All this is going to happen again. After a vaccine is developed and disseminated for this pandemic, another is on a conveyor line towards us.
There’s irony that we use florals as a way of marking great events in our lives. Events we perceive as life changing. Events we INTEND to be life changing. And we mark them with magnificent florals at the peak of their brilliance with full knowledge that that brilliance will fade.
… so we’ll just buy more, right? Roses grow back. And life changing events are followed by more life changing events, often changing the outcomes of those events that passed before it. Ain’t no thing, just move on!
No … no … surely I misspeak (damn liberal). Roses grow back and may reinforce that life changing event, thus legitimizing an approach to life that is unchanging. An unbroken sense of ‘normal’. A worldview that is forever. A rose that sits sacrosanct in its vase to lamentations as the brilliance inevitably crumbles.
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I lapse into a wonderful Nicole Atkins song (click to follow the link).
This work began as something quite different, refused to go there and morphed into something else, and then morphed into something else again. That, perhaps, reflects a certain artistic immaturity, which I freely admit to. On the one hand it can lead to indistinct, forgettable works of indistinct style. On the other hand, it can also, once in a while, break new ground that defines a completely new and innovative style.
It usually takes me a while to figure out which of those has happened.
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There is an illustration floating around on social media of a rural family – man, woman, and child – holding hands, backs to the viewer, gazing off into the sunset, with the caption ”I just want to live in the America I grew up in”. Seen this, right?
It’s among the dumbest things I’ve ever seen.
In the first place, that idyllic America never existed. Rural American families – particularly the farm families depicted in the described illustration – were generally dirt poor, hard scrabble, and grossly uneducated to anything outside their peripheral. They worked their asses off; there was no time or energy for empathy. Health care, infrastructure, schools, and economic structures were generally lacking, and we’re not just talking historically – it’s STILL like that. Remembering some idyllic childhood is to ignore the reality that, as a child, ignorance is bliss. And in those rare instances when, indeed, life was sweet, it was achieved on the backs of others; others who were even poorer, or people of color. People who had been robbed and/or disenfranchised.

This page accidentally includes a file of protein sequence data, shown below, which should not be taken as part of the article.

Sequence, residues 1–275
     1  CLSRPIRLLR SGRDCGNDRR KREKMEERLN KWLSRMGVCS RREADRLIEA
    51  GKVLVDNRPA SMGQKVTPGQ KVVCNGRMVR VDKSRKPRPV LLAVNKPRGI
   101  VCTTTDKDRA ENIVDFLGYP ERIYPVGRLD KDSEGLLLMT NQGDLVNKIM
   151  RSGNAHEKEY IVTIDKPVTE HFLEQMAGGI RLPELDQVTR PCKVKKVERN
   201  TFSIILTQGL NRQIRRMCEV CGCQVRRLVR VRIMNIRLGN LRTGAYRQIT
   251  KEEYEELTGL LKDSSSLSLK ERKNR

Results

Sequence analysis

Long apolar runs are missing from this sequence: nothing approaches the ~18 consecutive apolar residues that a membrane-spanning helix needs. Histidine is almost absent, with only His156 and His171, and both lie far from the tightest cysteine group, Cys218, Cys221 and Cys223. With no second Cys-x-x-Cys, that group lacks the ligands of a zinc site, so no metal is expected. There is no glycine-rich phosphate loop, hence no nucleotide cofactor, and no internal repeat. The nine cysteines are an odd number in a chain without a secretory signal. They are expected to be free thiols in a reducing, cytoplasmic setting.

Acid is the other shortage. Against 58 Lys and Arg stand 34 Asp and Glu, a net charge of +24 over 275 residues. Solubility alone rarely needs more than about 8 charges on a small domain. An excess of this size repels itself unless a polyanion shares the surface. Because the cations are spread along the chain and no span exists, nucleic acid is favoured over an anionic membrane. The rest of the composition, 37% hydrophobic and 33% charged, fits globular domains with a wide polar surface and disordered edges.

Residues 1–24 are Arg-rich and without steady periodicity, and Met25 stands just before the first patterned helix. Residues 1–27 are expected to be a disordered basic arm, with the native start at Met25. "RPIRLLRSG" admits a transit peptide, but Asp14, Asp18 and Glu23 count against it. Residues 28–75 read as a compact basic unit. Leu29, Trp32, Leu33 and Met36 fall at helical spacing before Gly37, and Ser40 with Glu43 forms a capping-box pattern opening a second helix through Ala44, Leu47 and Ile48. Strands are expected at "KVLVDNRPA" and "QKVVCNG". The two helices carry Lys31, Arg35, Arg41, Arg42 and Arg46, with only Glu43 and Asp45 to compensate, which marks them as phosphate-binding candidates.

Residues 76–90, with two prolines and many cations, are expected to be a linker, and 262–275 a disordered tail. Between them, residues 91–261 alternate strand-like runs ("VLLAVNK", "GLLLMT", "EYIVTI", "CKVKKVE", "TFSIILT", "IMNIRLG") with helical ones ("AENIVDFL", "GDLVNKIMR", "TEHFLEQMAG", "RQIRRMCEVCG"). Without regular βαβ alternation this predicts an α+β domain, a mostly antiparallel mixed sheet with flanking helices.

That said, it frames the problem. We have evolved into a population of grumpy old men complaining that everything was better back in their day.
In the America in which I grew up, I thought there were only a few handfuls of those old codgers, and we could laugh at them, then ignore them (I was wrong – see how that works). Now, it’s upwards to at least a third of the population. That’s roughly 120 MILLION people living a rationalization. A fantasy. We’ve simply come so far so fast, so many changes sociologically, technologically, economically, that an enormous number of our neighbors and relatives are unable to cope and have thus invented an alternate reality.
And they have no compunction from adopting an authoritarian, even fascist ideology as a means of imposing that fantasy.
There are parallels in Art. Episodes when artists so pushed reality as to overwhelm traditionalists and leave them behind.
The hue and cry created by Picasso.
The hue and cry created by Jackson Pollock.
The hue and cry created by Andy Warhol and Roy Lichtenstein and Jasper Johns.
Thus it’s clear. America is The Brothel of Avignon.
I’ve been playing with various forms of inversion techniques for years as they can occasionally produce striking results. For me, the problem is that those results are usually also strikingly fake.